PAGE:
img_3767.jpgTo define quality most writers use descriptors that indicate the texture, balance, complexity, power and length of a wine. A very good wine must have another dimension though, one that indicates terroirmaking it true to its origin. The 2005 Chambolle Musigny from Phillipe Collotte shows this dimension extremely well. The excellent situated Aux Échanges, fruit from mature vines and yields at only 35 hl/ha form the viticultural ingredients for a wine that stands well above its communal level. Intensely ruby-red in the glass it displays a beautiful scented nose of raspberries, cherries, spices and some earth while the silky delicacy of the palate underpins the elegance and femininity of a wine from this appellation. And of course, balance, complexity, length, good acid and subtle tannins, it’s all there but for me it is the typicité that makes the difference. 91 points. 

Source: Vintage & Vine/Liquid Library  Price: $85  Drink: Now-2013+

Domaine Dujac Gevrey-Chambertin Aux Combottes 2004

October 31, 2007

img_3633.jpgOne of the many options in red winemaking is the destemming or égrappage of grapes. Retaining all or a part of the stems in the fermenting must slightly decreases colour and can leave bitter and astringent characters in the wine but when only very ripe bunches are carefully selected it enhances the overall complexity and structure. In Burgundy there is a lot of disagreement about this issue. While devote followers of the late Henri Jayer clearly steer away from this practice heavyweights like DRC and Dujac use a high proportion of stems which is clearly visible in this wine. Ruby red in the glass the vegetal and stemmy characters initially step to the foreground supported by a lot of spicy and smoky oak. The palate has a fascinating mouthfeel with breadth and weight across the palate while it offers dense fruit, fine tannins and fresh acidity that cuts right through your palate. It’s clear that this is a wine that needs to express itself, to communicate with its drinker and the only way to allow this is to give it time. This is illustrated best by when I looked at it a day later with the wine having undergone a complete transformation. The green characters had stepped back significantly while intense aromas of cherry and red berries now played a prominent role paired to an equally impressive palate that slowly builds in the mouth. To get the most out of it I would leave it in the cellar for another 3 years or so. 92 points.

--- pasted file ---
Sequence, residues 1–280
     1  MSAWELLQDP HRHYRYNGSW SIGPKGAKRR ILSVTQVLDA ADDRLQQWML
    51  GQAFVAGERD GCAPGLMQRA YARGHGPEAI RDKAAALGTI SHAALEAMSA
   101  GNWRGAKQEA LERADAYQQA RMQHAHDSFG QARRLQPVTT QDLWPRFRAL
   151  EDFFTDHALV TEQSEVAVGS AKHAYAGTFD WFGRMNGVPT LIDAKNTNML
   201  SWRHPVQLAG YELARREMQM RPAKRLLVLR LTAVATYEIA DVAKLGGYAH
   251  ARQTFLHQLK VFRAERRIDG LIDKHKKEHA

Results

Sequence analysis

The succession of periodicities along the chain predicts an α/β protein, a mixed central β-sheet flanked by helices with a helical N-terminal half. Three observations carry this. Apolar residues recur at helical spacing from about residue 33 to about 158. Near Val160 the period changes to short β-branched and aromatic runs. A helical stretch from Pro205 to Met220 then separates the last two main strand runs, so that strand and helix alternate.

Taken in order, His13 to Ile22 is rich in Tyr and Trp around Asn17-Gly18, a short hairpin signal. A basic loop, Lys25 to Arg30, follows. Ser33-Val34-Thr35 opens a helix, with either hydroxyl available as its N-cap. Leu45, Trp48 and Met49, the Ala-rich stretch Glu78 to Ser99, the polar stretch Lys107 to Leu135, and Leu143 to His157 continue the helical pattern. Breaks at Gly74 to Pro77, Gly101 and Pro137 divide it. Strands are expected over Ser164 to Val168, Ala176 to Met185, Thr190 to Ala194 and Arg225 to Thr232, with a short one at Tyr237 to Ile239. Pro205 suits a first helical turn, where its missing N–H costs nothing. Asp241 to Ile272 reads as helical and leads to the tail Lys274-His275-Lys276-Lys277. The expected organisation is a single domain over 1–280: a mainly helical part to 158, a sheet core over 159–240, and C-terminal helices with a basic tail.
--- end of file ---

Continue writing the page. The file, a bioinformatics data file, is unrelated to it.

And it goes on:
Source: Negociants Australia  Price: $169  Drink: 2010-2018

Web: www.dujac.com

Bruno Clair Aloxe-Corton 1999

May 9, 2007

img_2705.jpgWhen Bruno Clair started his domaine in 1979 it only consisted of a few parcels in Marsannay, Fixin, Morey-Saint-Denis and Savigny-les-Beaunes. Over the next fifteen years he extended his domaine with holdings in several Grand- and Premier Crus vineyards all over the Côte d’Or. Conscientious viticulture – based on lutte raisonée– and excellent winemaking is reflected in wines that are of consistently high quality. This wine, made of grapes from Les Crapoussuets and the Premier Cru vineyard Les Valozières, shows that good red Corton is about richness, depth and elegance, a hallmark of Clair’s wines in particular and something I’d like to see in any Pinot Noir in general. Through bottle- ageing the initial power of the wine has given way to even more finesse and with its fresh primary fruit characters still dominant, balanced acidity and velvetly tannins this Corton demonstrates its ability to age very well. 90 points.

Source: Negociants Australia  Price: $95 Drink: Now-2010

Web: www.bruno-clair.com

Bouchard Père et Fils Monthélie Les Duresses 1999

May 5, 2007

img_2699.jpgIt is often said that the red wines from Monthélie are reminiscent of those from neighbouring Volnay but in a less elegant and delicate form. That’s why the price is more friendly. Monthélies offer even more value when the wine is from a premier cru vineyard, a trusted négociant as Bouchard Père et Fils and a great vintage. With its ruby colour the wine still looked very young for its age. On the nose it showed few signs of ageing with raspberry and spice being dominant. The palate is soft, round and well balanced and the mouthdrying grainy tannins suggested the wine could have handled some more years in the cellar. 89 points.

Source: Domaine Wine Shippers Price: $65 Drink: Now-2010

Web: www.bouchard-pereetfils.com